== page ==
Those 108,592,000 outnumbered the 86,429,000 full-time private-sector workers who inhabited the United States in 2012 by almost 1.3 to 1.

This brings us to the first category of benefit receivers. There were 49,901,000 people receiving Social Security in the fourth quarter of 2011, and 46,440,000 receiving Medicare. There were also 5,098,000 getting unemployment compensation.

And there were also, 3,178,000 veterans receiving benefits and 34,000 veterans getting educational assistance.

All told, including both the welfare recipients and the non-welfare beneficiaries, there were 151,014,000 who "received benefits from one or more programs" in the fourth quarter of 2011. Subtract the 3,212,000 veterans, who served their country in the most profound way possible, and that leaves 147,802,000 non-veteran benefit takers.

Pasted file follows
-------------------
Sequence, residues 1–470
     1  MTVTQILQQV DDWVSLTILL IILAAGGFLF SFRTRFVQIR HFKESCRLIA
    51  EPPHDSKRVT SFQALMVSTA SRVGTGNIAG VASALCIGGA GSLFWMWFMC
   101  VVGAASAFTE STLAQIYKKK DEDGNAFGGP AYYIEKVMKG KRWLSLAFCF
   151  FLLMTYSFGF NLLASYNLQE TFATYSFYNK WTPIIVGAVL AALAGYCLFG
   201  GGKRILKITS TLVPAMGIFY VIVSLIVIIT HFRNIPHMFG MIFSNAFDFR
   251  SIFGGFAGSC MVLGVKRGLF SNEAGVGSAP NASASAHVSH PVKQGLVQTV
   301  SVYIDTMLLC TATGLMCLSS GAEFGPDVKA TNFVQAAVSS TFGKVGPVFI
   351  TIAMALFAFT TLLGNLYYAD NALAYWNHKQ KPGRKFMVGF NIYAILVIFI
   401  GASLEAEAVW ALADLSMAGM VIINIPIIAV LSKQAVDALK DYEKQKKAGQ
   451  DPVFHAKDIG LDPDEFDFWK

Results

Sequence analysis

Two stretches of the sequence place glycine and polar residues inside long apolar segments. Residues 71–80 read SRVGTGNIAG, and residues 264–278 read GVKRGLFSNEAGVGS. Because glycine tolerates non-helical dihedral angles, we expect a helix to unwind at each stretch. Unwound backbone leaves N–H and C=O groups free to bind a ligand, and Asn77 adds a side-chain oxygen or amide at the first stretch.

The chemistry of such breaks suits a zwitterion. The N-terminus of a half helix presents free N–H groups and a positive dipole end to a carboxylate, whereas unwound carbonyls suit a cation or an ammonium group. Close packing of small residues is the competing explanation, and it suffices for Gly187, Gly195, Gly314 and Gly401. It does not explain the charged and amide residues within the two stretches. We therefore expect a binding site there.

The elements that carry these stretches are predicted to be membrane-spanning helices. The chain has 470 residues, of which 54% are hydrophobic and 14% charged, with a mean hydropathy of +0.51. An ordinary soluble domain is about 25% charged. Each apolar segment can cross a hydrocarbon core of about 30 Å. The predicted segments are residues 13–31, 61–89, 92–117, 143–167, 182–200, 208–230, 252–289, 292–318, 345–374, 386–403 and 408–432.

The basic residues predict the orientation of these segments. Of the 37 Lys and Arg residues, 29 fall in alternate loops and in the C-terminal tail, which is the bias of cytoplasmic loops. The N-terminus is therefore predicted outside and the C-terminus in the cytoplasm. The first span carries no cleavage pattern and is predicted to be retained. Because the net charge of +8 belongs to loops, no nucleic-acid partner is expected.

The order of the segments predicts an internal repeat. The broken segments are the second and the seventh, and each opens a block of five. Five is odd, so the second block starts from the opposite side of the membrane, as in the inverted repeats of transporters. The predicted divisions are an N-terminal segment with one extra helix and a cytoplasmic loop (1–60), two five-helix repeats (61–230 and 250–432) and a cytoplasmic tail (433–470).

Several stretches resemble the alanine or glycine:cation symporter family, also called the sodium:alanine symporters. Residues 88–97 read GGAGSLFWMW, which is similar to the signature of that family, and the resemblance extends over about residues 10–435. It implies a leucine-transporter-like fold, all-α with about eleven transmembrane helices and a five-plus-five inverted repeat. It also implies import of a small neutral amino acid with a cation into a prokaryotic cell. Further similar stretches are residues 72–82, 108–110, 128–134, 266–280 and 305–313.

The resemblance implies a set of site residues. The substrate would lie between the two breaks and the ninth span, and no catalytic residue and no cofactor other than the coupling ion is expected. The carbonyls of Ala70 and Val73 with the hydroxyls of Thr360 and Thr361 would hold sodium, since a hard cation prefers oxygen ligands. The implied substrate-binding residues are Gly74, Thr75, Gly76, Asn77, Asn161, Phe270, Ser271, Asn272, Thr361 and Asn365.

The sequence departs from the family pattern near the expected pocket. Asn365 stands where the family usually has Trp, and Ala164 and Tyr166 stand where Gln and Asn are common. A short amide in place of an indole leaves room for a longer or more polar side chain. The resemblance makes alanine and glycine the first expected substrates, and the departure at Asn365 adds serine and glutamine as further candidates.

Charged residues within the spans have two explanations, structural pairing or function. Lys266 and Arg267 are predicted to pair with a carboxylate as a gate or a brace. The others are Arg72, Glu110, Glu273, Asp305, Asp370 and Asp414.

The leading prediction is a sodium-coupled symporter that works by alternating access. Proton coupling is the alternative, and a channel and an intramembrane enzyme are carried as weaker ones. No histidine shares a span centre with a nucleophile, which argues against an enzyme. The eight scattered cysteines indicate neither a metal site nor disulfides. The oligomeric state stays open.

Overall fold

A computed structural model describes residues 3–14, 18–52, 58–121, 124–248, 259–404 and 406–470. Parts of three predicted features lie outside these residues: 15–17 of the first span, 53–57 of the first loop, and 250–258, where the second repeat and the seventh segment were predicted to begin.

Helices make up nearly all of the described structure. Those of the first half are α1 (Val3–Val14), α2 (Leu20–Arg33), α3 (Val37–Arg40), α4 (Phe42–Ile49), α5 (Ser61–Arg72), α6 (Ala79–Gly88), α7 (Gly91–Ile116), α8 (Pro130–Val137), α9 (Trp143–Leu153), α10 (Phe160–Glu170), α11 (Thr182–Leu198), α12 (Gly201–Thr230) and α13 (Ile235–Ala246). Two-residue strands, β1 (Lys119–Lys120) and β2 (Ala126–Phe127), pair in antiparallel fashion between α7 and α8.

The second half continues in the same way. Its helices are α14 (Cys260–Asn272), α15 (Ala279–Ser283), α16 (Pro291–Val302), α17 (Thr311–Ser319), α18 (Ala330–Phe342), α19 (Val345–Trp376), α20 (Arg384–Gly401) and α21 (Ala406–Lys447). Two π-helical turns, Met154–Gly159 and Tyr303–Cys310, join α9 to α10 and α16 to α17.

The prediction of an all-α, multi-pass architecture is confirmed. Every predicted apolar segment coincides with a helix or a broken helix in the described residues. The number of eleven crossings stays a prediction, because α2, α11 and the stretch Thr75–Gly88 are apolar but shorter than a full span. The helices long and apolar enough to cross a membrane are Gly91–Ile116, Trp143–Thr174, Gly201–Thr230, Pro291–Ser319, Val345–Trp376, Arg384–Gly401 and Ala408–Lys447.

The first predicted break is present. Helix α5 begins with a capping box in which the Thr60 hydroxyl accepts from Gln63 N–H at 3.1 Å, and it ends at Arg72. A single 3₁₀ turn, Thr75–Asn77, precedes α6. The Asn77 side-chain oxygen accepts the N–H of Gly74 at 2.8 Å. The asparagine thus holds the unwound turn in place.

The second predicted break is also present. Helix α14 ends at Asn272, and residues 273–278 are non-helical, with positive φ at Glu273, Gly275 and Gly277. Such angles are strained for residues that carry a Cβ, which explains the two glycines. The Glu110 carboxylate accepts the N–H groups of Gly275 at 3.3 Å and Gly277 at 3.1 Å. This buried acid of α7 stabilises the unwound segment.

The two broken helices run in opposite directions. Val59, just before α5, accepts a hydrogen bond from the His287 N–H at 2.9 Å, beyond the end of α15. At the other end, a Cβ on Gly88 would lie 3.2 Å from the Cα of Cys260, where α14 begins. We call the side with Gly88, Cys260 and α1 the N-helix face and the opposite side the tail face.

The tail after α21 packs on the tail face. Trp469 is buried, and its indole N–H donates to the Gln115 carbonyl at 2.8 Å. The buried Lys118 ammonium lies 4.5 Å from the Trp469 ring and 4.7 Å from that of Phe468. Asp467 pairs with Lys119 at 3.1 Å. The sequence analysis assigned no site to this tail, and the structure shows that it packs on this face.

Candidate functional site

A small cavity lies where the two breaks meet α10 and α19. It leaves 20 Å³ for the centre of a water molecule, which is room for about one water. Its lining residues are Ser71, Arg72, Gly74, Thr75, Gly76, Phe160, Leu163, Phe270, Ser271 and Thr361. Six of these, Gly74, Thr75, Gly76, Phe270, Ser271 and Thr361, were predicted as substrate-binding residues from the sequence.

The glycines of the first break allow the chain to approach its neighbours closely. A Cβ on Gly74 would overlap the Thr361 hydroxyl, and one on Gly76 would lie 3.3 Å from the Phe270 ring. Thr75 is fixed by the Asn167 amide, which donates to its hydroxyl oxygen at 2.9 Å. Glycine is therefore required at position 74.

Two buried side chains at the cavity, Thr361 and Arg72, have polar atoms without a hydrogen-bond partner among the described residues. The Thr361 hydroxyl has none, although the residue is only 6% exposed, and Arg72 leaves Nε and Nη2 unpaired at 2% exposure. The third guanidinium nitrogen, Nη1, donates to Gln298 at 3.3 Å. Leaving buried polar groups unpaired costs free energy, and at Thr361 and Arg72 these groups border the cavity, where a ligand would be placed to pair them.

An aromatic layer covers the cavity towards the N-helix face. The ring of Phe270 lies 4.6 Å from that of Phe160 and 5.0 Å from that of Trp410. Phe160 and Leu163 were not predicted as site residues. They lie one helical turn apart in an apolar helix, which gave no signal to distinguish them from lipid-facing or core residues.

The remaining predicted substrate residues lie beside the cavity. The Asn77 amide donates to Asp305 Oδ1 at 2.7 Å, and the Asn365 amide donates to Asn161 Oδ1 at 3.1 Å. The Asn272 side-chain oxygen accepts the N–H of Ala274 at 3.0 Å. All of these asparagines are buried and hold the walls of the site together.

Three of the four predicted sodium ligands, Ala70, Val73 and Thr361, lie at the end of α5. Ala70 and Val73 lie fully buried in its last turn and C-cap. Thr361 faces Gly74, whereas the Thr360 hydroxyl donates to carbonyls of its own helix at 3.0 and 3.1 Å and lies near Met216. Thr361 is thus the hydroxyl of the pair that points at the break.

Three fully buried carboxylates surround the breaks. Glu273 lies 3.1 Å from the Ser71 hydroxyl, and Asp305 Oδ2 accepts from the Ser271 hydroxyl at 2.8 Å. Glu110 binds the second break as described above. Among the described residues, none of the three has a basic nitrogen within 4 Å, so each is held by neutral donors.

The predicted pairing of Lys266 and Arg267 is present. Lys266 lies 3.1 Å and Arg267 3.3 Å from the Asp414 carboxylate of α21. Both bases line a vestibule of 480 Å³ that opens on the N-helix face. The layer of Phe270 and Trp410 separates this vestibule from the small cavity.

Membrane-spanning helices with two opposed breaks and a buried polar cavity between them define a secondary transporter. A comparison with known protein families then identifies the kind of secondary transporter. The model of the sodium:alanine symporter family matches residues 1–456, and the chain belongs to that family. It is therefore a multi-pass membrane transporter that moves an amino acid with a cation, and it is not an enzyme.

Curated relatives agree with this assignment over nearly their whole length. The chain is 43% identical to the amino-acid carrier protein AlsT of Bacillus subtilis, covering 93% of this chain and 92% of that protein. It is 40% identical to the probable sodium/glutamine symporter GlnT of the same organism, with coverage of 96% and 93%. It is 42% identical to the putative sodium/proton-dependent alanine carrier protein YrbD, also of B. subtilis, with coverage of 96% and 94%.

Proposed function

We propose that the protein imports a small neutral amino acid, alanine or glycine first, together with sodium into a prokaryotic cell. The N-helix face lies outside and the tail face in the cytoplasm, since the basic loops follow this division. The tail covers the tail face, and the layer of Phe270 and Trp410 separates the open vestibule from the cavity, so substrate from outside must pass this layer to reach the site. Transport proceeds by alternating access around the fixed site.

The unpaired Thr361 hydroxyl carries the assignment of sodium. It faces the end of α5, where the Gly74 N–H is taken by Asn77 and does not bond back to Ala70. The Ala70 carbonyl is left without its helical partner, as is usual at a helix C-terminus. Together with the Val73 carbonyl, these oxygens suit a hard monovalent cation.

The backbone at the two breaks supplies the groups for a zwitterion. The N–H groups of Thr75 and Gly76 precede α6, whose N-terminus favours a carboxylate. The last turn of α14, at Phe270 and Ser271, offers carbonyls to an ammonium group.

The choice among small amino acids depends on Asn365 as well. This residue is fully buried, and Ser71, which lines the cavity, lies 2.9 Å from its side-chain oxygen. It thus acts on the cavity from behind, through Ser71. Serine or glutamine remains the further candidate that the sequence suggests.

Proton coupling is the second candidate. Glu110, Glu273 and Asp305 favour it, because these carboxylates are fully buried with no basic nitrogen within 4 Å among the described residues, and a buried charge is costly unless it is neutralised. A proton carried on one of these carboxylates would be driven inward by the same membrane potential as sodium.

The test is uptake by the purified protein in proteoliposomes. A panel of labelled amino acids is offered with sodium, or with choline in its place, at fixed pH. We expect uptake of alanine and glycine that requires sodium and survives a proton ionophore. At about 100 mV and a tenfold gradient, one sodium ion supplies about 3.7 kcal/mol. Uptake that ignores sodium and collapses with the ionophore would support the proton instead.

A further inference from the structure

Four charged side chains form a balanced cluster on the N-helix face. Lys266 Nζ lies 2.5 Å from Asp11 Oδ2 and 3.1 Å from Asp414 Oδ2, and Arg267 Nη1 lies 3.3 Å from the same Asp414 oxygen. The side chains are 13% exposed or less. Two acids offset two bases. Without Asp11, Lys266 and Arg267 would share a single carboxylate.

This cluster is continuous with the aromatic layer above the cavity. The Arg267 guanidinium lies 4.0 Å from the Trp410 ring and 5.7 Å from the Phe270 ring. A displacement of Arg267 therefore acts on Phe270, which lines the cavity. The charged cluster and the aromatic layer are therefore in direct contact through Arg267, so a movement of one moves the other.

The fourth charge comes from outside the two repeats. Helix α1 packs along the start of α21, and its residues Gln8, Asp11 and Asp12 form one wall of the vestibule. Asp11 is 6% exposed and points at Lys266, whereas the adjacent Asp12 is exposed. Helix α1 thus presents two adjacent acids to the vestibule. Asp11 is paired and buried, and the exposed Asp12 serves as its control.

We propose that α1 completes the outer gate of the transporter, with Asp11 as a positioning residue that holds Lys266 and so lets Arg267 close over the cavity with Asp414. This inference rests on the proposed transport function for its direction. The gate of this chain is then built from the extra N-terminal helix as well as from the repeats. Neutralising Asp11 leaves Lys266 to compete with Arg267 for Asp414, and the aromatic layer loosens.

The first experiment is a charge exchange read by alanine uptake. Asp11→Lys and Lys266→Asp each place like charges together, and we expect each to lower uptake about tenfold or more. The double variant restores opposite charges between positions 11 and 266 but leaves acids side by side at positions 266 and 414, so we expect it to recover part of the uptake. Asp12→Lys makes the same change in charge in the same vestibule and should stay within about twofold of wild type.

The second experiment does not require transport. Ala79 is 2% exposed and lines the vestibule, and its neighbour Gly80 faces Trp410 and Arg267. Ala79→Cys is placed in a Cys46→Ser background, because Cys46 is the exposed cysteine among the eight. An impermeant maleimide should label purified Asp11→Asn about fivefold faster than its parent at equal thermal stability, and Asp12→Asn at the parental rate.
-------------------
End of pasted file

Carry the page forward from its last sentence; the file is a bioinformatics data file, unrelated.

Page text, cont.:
The 147,802,000 non-veteran benefit takers outnumbered the 86,429,000 full-time private sector workers 1.7 to 1."

Read on.
  The wagon is getting very full.


Found at KA-CHING!

Don't forget your routines

Eclecticity Light has a fascinating image of the routines of some very creative people.  Click on the picture and you can zoom in.


I stumbled on this Rich Karlgaard piece through another far weaker article.  Well worth your time:

"There’s a right size for every team, and it’s almost always smaller than you think. Jeff Bezos of Amazon likes to use the “two-pizza rule” for strategy and development teams. If it takes more than two pizzas to feed the team, the team is likely too big."

Define "moderation"

Drink coffee.  It is good for you.

Manual rules!!